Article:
They called me yesterday saying that she was breathing heavily and that she had pneumonia. This was her fourth time in one and three-quarters months that she had developed this condition - usually from aspiration. At the nursing home, her first day last Saturday, she started pulling at her oxygen tube, "... don't care don't care..." I could not see myself doing anything like that to her. I put it back on and she acquiesced. She had pulled her feeding tube out at least four times in the hospital. The first week of her hospitalization, she looked at her arm with the two vein 'pic' lines (tubes going up the inside of her arm and into her deep large vein) she said, to me, "take these off, help me up and take me out of here." Then, the second week she started going downhill. She had been in the hospital for so many weeks.
This last Tuesday afternoon, early, before I set out to go to the nursing home, the doctor called to tell me that he was shocked to see her in such a condition. So thin. So weak. "Do you understand her condition?" he asked me. I could rattle off what she was like before April 4, when she had this devastating stroke. And I could tell him all of the moments and doctor decisions that lead her to atrophied muscles lying in bed until that day... "No. Do you understand how she is. Do you understand palliative care?" "I know of hospice type care," I said. "No. Palliative care is a subset of Hospice care. In your mother's condition we are talking about quality of life. ... We can take the tubes out and give her some pain medication." "I would like for her to not have pain and to not have fear" I said, "but I have trouble taking out her tube feeding. She may look like she is not there but, some times she is..."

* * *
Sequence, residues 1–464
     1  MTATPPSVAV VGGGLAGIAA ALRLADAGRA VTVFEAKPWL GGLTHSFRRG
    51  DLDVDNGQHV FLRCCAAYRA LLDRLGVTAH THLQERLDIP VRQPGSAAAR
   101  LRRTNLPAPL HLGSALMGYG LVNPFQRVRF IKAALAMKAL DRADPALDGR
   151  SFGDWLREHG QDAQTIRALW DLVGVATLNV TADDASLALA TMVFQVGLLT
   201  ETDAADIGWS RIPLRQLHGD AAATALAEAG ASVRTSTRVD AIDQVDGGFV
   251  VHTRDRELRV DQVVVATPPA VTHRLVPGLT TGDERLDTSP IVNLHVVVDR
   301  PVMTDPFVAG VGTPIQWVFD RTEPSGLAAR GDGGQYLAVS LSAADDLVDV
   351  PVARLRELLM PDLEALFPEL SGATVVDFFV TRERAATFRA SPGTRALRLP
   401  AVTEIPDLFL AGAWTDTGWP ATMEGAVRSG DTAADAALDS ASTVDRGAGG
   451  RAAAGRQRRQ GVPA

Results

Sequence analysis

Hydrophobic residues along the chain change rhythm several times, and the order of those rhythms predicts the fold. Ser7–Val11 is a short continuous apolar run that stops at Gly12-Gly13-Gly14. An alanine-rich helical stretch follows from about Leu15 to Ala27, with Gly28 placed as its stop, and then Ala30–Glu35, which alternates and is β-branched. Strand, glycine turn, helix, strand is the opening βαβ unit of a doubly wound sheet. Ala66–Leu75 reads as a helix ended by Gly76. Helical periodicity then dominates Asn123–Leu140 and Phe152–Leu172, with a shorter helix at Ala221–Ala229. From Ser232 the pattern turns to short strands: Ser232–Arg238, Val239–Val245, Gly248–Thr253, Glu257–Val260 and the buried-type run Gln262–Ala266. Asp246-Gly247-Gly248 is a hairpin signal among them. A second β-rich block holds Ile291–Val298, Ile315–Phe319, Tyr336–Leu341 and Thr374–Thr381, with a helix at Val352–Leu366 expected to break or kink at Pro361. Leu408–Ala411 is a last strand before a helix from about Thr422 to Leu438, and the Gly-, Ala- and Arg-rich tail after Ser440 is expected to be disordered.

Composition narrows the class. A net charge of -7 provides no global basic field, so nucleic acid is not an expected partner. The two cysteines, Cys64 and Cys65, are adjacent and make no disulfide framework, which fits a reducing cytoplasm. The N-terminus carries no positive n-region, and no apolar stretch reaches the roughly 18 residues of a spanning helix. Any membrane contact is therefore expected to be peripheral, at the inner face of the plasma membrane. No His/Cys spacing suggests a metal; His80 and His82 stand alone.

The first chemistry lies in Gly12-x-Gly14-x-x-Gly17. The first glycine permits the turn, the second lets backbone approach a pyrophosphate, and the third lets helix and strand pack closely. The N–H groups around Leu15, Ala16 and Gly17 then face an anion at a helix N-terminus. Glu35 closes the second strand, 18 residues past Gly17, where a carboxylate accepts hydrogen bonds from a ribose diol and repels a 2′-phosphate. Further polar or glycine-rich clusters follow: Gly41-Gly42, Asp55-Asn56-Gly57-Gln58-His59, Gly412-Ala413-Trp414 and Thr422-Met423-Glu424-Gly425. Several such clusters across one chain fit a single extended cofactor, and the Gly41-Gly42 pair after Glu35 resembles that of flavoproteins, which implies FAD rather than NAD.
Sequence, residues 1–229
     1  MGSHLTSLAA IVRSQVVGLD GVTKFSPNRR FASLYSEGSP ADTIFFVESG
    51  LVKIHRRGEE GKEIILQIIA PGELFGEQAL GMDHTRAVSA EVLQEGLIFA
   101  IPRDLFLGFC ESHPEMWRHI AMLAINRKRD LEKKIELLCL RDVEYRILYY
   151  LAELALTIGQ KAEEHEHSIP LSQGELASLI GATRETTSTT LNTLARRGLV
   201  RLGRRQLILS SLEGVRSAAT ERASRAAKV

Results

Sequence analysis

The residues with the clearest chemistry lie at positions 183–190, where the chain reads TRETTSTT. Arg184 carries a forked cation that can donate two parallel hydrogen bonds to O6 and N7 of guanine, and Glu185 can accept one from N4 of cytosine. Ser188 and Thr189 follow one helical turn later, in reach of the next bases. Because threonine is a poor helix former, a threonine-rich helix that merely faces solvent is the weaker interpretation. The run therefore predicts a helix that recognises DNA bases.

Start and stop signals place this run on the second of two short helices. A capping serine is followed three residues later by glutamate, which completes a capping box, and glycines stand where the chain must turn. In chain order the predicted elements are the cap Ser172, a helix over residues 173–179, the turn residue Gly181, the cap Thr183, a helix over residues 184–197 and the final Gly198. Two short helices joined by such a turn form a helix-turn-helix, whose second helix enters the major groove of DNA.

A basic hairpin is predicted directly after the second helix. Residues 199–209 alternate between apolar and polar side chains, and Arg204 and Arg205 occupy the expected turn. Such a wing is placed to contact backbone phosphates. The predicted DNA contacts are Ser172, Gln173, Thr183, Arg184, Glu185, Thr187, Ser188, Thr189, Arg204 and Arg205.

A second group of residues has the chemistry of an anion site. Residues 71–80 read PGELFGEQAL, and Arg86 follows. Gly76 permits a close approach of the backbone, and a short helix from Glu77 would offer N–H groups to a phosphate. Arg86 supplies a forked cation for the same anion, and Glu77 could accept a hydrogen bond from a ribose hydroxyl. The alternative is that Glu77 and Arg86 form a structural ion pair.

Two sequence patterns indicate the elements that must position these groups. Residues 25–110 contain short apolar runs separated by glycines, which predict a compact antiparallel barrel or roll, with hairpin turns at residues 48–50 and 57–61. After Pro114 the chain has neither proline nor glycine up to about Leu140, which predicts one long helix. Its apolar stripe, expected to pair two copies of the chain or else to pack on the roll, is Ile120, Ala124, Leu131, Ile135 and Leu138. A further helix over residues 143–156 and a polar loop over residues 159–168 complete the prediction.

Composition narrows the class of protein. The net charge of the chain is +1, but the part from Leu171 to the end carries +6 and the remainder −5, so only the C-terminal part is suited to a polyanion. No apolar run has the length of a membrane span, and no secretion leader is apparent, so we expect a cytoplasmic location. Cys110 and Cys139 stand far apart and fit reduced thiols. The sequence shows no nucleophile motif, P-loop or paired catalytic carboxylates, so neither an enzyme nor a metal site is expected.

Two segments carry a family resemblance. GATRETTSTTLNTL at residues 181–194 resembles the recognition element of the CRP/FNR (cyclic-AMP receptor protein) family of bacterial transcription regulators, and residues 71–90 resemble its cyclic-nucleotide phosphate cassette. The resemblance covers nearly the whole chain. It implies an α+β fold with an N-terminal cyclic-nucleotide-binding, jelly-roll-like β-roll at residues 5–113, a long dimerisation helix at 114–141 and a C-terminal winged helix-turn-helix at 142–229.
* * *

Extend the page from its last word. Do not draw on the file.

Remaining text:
I was troubled by the doctor's jump to tell me this without meeting me. This was a Kaiser facility. I could not see myself giving the orders to essentially kill my mother. I knew she hated the tubes and being in these beds, having people wash her, and poking needles in her. But she was my mother.
SO, yesterday they called me and I came down to look at her breathing hard. She was heaving hard, trying to breath. Even with the tank oxygen going in her lungs she was gurgling and her eyes were slits staring no where in particular. I called the doctor and said "ok" And then he said, "You made the humane decision..." I had to go outside and look at the mountains, the sky, some tree somewhere. But the nursing facility was a horrid place - depressing. Cinder block and beige. The parking lot faced a Ukrainian Church and the rest of the community were of parked cars and dumpy little houses and lots of trash in the gutter - this was Hollywood.
I went back in and just held her hand and looked into her eyes and asked, "Can you see me?" The doctor was late and I listened and watched her. "I love you, Little Girl." Many times in my life my mother seemed like my little sister. I stayed there and holding her hand, smoothing her hair, watching her chest heave until she got too tired to breath. She had a pain in her chest, she winced, and then lost the color in her face. The nurse came in and I said, "She is gone."
I was thankful I did not make her decision for her.